Teak Tree (Tectona grandis) is a tropical hardwood tree species placed in the flowering plant family Lamiaceae. Tectona grandis is a large, deciduous tree that occurs in mixed hardwood forests. It has small, fragrant white flowers and large papery leaves that are often hairy on the lower surface.
Tectona grandis is native to south and southeast Asia, mainly India, Sri Lanka, Indonesia, Malaysia, Thailand, Myanmar and Bangladesh but is naturalised and cultivated in many countries in Africa and the Caribbean.
It is sometimes known as the “Burmese teak”. Teak wood has a leather-like smell when it is freshly milled. It is particularly valued for its durability and water resistance, and is used for boat building, exterior construction, veneer, furniture, carving, turnings, and other small wood projects. Heartwood is brownish red in color. It darkens as it ages. Sometimes there are dark patches on it. There is a strange scent in newly cut wood. Wood texture is hard and ring porous.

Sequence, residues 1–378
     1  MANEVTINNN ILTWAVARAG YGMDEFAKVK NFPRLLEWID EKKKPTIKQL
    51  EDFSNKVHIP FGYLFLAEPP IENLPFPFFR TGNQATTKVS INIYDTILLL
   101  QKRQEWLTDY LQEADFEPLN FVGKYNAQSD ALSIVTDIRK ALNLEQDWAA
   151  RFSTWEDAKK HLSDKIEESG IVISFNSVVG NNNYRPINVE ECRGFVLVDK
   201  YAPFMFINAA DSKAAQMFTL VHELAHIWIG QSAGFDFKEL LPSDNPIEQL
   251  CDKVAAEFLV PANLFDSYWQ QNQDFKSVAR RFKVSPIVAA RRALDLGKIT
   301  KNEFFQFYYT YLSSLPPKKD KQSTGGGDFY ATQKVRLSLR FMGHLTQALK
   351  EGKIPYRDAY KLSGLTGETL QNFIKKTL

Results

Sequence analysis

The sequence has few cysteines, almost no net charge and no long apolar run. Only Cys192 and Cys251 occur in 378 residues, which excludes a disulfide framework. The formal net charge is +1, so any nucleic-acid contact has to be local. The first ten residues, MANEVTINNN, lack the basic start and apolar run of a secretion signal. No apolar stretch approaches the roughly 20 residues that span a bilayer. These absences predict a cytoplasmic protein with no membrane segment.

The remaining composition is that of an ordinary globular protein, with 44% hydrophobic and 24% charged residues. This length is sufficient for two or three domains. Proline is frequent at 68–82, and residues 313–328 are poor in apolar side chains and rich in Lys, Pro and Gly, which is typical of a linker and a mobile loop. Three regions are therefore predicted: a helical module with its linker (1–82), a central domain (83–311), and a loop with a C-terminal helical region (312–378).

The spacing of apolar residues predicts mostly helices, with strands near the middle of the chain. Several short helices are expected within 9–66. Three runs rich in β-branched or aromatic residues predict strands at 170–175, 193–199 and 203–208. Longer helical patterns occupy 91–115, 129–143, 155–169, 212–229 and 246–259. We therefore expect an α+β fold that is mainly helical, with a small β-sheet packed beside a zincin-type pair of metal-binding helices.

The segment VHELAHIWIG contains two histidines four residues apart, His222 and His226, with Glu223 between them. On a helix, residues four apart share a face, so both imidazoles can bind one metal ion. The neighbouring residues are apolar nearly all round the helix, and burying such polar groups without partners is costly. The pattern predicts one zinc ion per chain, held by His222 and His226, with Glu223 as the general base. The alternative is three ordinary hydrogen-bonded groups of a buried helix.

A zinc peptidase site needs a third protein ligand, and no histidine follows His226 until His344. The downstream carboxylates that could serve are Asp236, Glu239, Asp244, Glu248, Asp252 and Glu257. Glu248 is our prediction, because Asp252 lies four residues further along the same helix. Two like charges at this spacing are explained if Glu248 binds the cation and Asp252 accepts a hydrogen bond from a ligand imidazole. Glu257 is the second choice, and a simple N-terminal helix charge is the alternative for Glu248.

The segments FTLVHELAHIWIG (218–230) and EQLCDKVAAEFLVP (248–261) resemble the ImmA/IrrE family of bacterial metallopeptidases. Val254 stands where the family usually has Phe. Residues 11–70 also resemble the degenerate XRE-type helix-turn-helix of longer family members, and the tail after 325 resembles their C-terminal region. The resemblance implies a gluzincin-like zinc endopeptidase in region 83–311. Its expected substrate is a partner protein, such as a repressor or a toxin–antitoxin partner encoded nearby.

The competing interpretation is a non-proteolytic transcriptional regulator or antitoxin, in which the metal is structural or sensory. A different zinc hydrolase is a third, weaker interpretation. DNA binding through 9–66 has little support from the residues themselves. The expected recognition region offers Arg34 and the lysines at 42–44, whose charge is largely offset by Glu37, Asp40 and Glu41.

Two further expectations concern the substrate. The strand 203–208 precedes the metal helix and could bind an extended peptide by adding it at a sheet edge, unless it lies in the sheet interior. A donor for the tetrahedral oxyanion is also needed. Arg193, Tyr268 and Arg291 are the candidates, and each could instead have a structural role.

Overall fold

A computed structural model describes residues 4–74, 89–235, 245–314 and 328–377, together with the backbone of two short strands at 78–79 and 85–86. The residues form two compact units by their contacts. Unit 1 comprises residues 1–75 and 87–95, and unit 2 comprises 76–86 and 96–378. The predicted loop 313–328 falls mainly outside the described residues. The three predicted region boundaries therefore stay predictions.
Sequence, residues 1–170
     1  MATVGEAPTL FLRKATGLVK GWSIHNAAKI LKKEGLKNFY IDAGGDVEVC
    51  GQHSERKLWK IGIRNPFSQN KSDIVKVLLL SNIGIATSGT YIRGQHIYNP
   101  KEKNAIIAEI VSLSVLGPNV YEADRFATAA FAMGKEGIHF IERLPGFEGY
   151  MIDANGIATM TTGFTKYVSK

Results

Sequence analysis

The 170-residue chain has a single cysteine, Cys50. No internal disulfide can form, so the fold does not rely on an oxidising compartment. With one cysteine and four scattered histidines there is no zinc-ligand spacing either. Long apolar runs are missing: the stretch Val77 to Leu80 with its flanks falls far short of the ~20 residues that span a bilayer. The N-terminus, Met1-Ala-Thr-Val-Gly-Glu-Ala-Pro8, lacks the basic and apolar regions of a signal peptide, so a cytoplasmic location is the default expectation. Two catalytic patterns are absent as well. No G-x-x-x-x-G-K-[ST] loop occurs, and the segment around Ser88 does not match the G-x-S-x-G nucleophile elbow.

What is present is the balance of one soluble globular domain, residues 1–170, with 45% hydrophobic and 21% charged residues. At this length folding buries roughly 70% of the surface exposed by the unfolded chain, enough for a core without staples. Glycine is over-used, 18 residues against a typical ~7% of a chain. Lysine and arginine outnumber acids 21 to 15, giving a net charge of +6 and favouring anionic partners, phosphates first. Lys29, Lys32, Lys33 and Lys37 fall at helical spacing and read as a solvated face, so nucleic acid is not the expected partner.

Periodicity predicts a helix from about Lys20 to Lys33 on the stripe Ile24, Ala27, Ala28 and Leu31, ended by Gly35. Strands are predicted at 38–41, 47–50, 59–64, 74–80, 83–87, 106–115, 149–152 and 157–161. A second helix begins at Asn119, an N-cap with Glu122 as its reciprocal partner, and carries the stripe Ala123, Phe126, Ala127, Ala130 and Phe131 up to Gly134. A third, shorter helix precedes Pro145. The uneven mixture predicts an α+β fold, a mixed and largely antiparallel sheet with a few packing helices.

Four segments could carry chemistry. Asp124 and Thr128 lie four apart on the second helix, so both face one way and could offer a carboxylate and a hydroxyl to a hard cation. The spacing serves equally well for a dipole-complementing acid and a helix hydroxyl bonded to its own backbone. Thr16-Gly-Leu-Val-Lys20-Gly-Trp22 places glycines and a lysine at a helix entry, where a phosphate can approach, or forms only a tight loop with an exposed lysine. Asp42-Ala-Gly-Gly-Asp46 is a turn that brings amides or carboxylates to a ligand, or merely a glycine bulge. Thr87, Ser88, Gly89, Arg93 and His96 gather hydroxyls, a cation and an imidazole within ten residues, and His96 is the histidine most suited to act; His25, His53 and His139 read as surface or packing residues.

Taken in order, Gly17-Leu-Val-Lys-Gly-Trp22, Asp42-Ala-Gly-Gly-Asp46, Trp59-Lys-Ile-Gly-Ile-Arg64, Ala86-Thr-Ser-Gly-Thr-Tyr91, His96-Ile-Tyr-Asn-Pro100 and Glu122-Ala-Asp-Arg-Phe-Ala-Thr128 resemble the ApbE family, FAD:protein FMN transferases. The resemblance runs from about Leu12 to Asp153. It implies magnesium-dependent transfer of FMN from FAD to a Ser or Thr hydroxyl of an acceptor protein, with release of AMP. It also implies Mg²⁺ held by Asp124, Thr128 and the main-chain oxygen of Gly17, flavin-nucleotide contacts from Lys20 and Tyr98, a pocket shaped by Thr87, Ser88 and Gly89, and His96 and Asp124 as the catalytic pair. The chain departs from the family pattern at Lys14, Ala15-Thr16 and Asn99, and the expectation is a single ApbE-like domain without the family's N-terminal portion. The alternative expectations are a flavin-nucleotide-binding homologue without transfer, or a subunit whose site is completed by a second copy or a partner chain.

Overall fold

Molecular studies show that there are two centers of genetic origin of teak, one in India and the other in Myanmar and Laos. Central Province teak) is a description of teak from the central states of India. It produces small, white flowers arranged in dense clusters at the end of the branches. Flowers contain both types of reproductive organs (perfect flowers).
World’s largest living teak tree
Located within the Parambikulam Wildlife Sanctuary in the Palakkad District of Kerala in India, the largest living teak tree is named Kannimara. The tree is approximately 47.5 m tall and is located at a distance of 79 km from the well-known teak forest region of Nilambur, Kerala, India.
More recently a tree was discovered in the Ottakallan area of Thundathil range of Malayattoor Forest Division in Kerala with a girth of 7.65 meters and 40 meters tall. The teak tree in Kappayam, Edamalayar, (Ernakulam district) also in Kerala which was considered as the biggest has a diameter of only 7.23 meters.